St. Arvans is a village in Monmouthshire, South Wales. Chapel Hill lies north of the village, Gaerllwyd to the west, Woolaston to the northeast and Chepstow to the south east. Nearby towns and villages include Tutshill, Itton, Newton Green, Devauden and Shirenewton.
The parish church is dedicated to St Arvan, who, according to tradition, supported himself through fishing in the River Wye for salmon, but drowned when his coracle capsized. There was apparently within the church for many years a stone carving showing a coracle and a salmon. A refurbishment and partial restoration took place in the 1980s when the carved ceiling of the chancel and sanctuary were finally decorated as they had originally been intended when the roof was renewed in the Victorian period.
Four of the best Arts and Crafts gardens in Wales are to be found in Monmouthshire - Mathern Palace, Mounton House, High Glanae and Wyndcliffe Court. However only Wyncliffe Court, found in St. Arvans, and designed by Henry Avray Tipping, is open to the public. The beautiful 1920s Arts and Crafts garden has outstanding views to the Severn Estuary, and displays many different features including formal terraces with annuals to sunken garden, pool, and herbaceous borders.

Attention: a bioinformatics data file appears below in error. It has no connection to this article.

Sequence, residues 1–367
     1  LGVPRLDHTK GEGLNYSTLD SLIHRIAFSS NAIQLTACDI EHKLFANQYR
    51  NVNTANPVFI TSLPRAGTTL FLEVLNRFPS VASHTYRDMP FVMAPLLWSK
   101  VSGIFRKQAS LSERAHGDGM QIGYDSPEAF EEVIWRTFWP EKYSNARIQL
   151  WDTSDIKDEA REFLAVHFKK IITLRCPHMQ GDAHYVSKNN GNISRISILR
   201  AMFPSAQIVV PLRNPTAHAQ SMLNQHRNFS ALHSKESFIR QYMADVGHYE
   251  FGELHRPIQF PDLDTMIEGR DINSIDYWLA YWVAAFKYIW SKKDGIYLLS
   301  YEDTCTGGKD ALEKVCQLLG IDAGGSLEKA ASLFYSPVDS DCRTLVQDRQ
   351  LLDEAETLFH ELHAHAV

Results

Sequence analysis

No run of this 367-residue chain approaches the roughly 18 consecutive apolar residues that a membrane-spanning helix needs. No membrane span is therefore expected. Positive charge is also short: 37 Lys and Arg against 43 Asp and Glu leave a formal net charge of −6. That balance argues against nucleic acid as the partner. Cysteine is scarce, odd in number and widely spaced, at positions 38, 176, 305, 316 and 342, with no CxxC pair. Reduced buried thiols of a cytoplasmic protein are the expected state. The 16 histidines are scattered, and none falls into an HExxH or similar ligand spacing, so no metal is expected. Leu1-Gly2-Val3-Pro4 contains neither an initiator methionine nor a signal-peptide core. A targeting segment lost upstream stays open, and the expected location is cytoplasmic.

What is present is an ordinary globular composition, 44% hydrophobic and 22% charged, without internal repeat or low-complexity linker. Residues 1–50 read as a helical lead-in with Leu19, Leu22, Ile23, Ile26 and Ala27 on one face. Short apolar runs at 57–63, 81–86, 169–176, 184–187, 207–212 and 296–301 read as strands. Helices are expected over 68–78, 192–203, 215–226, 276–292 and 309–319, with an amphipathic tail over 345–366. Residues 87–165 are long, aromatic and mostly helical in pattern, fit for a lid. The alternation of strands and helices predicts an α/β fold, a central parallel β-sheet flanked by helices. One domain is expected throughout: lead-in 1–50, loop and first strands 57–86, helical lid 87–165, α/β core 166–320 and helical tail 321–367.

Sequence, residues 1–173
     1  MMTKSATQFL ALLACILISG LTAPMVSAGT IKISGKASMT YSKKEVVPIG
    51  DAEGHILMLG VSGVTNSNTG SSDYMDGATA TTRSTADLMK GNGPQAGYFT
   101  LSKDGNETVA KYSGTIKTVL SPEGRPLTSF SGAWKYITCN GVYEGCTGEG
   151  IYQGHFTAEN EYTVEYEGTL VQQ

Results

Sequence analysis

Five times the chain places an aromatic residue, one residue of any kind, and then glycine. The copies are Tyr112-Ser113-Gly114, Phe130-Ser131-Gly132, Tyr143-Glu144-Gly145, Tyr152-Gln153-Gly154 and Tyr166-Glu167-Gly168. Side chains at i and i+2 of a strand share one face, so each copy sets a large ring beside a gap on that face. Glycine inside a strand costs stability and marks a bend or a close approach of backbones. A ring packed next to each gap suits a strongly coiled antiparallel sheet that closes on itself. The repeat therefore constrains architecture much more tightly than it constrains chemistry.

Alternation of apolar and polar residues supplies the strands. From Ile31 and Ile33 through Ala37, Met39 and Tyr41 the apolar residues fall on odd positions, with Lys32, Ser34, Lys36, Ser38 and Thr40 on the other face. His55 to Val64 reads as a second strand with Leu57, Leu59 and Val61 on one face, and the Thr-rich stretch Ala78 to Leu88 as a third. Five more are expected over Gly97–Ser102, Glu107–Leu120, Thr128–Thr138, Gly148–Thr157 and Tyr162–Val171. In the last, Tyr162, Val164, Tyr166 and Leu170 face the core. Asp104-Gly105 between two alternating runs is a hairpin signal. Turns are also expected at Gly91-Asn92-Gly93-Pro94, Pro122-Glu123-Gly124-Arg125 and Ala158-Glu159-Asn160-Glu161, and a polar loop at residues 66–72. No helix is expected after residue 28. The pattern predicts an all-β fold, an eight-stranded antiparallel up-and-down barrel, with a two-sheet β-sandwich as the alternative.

The River Wye runs close to the village. The River Wye flows through some of the most attractive and varied countryside in Britain and some of the most beautiful stretches of the river are to found on the doorstep of St Arvans village. The famous Lover's Leap, Piercefield Cliffs, and Black Cliff are within a couple of miles of the village. While immediately to the south of St Arvans lies the celebrated Chepstow Racecourse.
The Wye Valley Walk on the eastern edge of the village offers the opportunity, for those so inclined, to walk the 136 miles from Chepstow through Rhayader and continuing on to the source of the Wye on Pumlumon, in the hills above Aberystwyth.